Technology is wonderful and I am so glad to be living in the 21st century where we have the internet and smartphones and measles vaccinations (well, unless you’re Jenny McCarthy)…but at the same time, it’s easy to let technology drag you down the rabbit hole of Instagram/Pinterest/Snapchat/Vine/Angry Birds/insert-other-useless-app-here. Most of us have phones that are filled with apps we don’t use with any regularity. And if you’re anything like me, you might find yourself mindlessly wasting time on the apps that you do use (looking at you, Pinterest…) more often than you’d like to admit.
I can’t help you put your phone down and stop scrolling through Twitter – that requires exercising a little muscle called “your self control,” which is much easier said than done. What I can do is give you 5 new apps to put on your phone. Only instead of tempting you to waste your time, these apps help you live better, be healthier, and work more productively. And just think…if you replace one of the aforementioned time-sucking apps with one of these, you’ll probably be able to double your productivity and be significantly happier at the end of the day.
Plus, they’re all free. Which is great news if you’re frugal or poor or both (right here).
I’m getting giddy at the very thought of it.
I’ve mentioned this app before, and it bears mentioning again – of all the practical (i.e. not time-waster) apps on my phone, this is probably the one I use most. If you’re a busy human, you probably want to make the most of your time spent training. Personally, I find it is sometimes easier to push myself to work harder when I know I’m running against the clock and I can see the seconds counting down. Whether I’m doing a plyometrics circuit or a tabata workout or sprint training, this timer helps me make the most of my work intervals so that I can maximize my training in the time that I have (usually: limited). It’s customizable, easy to use, and the bottom line is: Get it. Use it.
Normally I love to have a fan on when I go to sleep, for the white noise and the breeze, but it’s way too cold for that (even in CA) lately. Add in the weird sleep schedule I sometimes have due to working part time at a coffeeshop – translation: going to bed when other folks are having dinner, and waking up 4 hours before sunrise – and it makes it hard to get some good shut-eye. I’d say that I can sleep when I’m dead, but 1) I can’t stand feeling like a zombie, and 2) sleep is vitally important for health. Ambio is an ambient-noise app that helps me to fall asleep easier no matter what time it is – afternoon naps shamelessly included. In addition to nine options for ambient noise (“Airplane Cabin” is my favorite), you can add your own music, mix and layer different sounds, create playlists, and even set an alarm within the app. Enter, Ambio, stage left…cue blissful sleep…and curtain.
This one’s popular. And it’s popular for a reason. You can look up tons of free workouts – from 15 to 45+ minutes – sorted by fitness goal, workout type, body part, and other qualifiers. The workouts include automated timers, audio cues, and video demos. While I wouldn’t recommend depending on Nike+ workouts for the bulk of your training, they’re a great resource for when you’re short on time, creativity, or equipment. (Here are some more great minimalist workouts if you’re interested!)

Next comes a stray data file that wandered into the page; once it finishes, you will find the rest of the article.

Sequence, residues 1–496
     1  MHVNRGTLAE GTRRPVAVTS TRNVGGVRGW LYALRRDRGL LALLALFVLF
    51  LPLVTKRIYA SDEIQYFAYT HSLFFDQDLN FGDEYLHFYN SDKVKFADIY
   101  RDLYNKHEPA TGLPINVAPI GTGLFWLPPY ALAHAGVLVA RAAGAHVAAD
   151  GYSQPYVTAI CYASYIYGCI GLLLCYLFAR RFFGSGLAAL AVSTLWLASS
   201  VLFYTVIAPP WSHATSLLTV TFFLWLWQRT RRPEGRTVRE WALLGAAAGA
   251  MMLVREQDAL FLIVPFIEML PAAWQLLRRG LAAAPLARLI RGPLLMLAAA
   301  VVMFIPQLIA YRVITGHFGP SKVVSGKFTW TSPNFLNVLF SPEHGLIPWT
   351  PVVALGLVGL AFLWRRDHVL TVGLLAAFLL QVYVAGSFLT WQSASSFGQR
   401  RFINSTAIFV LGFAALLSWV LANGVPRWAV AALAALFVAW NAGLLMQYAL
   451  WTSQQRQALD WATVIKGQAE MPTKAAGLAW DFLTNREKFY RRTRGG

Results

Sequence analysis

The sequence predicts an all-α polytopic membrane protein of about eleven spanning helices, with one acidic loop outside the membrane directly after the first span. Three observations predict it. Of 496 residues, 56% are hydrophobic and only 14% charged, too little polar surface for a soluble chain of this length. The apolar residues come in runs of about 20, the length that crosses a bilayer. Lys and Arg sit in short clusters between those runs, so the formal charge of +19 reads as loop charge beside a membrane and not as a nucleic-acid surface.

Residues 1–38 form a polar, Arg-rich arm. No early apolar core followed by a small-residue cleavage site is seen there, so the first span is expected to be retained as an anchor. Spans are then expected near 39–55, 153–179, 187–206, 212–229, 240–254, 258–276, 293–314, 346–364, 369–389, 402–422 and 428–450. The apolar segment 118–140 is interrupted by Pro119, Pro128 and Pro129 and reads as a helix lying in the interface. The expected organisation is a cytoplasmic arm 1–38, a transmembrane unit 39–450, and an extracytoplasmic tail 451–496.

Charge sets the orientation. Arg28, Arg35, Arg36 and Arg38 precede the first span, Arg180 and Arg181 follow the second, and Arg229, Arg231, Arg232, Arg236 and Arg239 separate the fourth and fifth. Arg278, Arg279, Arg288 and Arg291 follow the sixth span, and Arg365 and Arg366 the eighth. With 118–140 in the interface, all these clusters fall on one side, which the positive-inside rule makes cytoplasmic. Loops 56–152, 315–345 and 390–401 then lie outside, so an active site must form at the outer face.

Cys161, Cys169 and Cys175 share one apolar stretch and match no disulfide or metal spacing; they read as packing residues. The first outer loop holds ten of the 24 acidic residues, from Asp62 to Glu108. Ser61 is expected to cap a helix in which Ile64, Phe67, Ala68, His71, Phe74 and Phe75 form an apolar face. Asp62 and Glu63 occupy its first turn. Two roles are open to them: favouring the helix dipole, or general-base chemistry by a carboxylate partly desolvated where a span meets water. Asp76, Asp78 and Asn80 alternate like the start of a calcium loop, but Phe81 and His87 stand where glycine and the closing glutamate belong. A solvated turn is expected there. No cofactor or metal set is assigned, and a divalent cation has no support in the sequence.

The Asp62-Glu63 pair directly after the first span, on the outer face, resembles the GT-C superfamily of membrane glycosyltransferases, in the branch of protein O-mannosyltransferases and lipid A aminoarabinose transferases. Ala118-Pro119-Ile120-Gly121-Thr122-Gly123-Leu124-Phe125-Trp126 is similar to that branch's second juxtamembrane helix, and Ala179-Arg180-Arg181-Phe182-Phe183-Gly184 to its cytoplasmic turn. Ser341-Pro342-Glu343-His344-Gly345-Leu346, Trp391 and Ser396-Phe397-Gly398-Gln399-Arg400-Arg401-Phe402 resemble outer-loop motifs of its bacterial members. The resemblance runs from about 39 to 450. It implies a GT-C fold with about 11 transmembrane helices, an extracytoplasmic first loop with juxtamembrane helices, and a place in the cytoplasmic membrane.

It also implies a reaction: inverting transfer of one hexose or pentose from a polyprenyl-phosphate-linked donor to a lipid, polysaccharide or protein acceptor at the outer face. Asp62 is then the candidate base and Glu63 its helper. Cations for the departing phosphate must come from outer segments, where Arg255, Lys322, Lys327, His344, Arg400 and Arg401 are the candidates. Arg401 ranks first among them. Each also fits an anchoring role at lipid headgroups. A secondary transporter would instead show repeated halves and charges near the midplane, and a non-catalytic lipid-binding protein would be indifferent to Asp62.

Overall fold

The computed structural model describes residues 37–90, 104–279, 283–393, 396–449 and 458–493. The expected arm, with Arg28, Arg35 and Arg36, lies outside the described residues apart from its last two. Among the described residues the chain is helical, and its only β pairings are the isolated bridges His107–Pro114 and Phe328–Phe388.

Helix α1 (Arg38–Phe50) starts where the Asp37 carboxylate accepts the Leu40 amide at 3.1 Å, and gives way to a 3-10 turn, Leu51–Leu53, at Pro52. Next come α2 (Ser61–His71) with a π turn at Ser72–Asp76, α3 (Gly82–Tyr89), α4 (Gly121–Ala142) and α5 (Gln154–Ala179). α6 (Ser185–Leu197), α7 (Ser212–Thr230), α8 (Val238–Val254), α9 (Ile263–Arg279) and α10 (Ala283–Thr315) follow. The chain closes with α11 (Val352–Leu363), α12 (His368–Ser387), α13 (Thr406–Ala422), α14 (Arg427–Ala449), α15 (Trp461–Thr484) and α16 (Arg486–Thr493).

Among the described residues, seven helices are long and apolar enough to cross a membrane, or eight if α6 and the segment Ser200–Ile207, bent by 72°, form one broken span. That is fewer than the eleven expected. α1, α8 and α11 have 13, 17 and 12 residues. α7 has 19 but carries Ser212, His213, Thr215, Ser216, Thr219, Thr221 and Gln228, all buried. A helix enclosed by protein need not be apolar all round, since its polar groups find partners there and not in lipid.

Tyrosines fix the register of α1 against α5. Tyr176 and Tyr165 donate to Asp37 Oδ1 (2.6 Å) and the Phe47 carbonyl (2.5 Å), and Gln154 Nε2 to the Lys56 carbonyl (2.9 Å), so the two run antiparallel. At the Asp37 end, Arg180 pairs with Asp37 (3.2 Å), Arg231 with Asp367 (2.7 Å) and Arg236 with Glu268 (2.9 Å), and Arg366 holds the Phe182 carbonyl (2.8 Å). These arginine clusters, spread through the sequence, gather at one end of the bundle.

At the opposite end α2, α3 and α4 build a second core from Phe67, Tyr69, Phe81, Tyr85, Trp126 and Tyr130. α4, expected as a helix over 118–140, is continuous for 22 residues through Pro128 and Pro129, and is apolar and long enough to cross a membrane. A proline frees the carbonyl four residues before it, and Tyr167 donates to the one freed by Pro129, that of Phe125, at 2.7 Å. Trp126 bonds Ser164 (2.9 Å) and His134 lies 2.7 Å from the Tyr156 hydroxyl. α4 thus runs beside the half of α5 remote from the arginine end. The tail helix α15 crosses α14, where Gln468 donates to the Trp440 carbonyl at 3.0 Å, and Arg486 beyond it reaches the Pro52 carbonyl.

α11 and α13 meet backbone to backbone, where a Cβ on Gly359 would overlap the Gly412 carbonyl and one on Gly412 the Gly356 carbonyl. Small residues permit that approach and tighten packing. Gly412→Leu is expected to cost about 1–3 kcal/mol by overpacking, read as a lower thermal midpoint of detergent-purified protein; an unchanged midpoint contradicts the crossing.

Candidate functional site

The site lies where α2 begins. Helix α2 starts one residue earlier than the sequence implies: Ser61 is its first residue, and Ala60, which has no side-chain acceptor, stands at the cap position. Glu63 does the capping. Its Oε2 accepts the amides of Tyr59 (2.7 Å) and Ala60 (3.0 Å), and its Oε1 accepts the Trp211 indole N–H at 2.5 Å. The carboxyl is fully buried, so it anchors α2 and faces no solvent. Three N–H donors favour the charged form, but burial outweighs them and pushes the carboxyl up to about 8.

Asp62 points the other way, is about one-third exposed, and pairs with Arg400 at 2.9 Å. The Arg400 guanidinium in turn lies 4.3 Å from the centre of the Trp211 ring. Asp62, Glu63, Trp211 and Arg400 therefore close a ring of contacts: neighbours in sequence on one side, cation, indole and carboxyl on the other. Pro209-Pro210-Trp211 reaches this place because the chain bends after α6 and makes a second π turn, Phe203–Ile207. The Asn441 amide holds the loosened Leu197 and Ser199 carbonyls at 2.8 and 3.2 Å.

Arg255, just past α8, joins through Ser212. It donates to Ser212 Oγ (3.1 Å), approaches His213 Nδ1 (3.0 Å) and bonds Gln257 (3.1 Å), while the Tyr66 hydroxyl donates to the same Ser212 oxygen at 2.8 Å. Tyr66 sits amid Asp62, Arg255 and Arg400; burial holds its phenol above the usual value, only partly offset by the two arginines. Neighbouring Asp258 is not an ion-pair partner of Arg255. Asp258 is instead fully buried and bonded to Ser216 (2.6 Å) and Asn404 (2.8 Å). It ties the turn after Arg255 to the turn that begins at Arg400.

Mental health is just as important as physical health, and TED talks are an exciting way to give your brain a little exercise and learn some cool new info. If you’re unfamiliar with TED talks, they’re relatively short (5-40+ minutes) talks from experts in their respective fields, covering all manner of subject matter from science to social justice. Listening to a TED talk while you do tasks that are typically mundane is a great way to multitask in a healthy way and engage your brain in something more challenging than singing along to Katy Perry or watching the Kardashians (guilty on both counts). Some opportune moments for TED talks: while you’re getting ready for the day, while you food prep, while you walk the dog, while you stretch/foam roll, while you fold laundry, while you paint your toenails and are trapped in your house because you don’t want to put on shoes and smudge your new pedicure. Here are a few good TED talks you might enjoy:
- Ryan Holladay – To hear this music, you have to be there. Literally.
- Peter Attia – Is the obesity crisis hiding a bigger problem?
- Dean Ornish – The killer American diet that’s sweeping the planet.
- Peter van Uhm – Why I chose a gun.
- Chris Lonsdale – How to learn any language in six months.
This one’s simple – it’s a to-do list app. So, obviously, I am infatuated. Normally I prefer to keep a physical to-do list because the act of actually crossing off an item gives me the best kind of high, but this is handy for when I want to live in the 21st century and/or not have to carry my notebook around with me. (The fact that there is a shopping list feature is also near and dear to my heart…) Whether you use Keep or prefer another list-making app, I would recommend that anyone who wants to make the most of their time keep a prioritized to-do list of monthly, weekly, and daily goals. After all, better organization allows for better time management which allows for better productivity, which means less stress, less procrastination, and less chaos. Basically, being organized helps you maximize your productivity and quality of life. Who doesn’t want that?
What apps do you use most?
What are your favorite fitness/productivity apps?
Are you one of the rare few who does not have a smartphone? (In many ways, I envy yall!)
Bonus: The app I would not recommend? Tinder.